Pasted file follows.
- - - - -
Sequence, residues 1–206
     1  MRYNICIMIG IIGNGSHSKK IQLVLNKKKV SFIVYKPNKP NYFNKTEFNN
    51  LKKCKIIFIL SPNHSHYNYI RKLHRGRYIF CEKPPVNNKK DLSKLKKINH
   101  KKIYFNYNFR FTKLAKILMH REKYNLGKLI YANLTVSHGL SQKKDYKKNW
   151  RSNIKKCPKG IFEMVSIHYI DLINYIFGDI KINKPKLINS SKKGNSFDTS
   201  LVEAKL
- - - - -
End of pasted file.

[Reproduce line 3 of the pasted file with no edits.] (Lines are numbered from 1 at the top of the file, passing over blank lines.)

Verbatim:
    51  LKKCKIIFIL SPNHSHYNYI RKLHRGRYIF CEKPPVNNKK DLSKLKKINH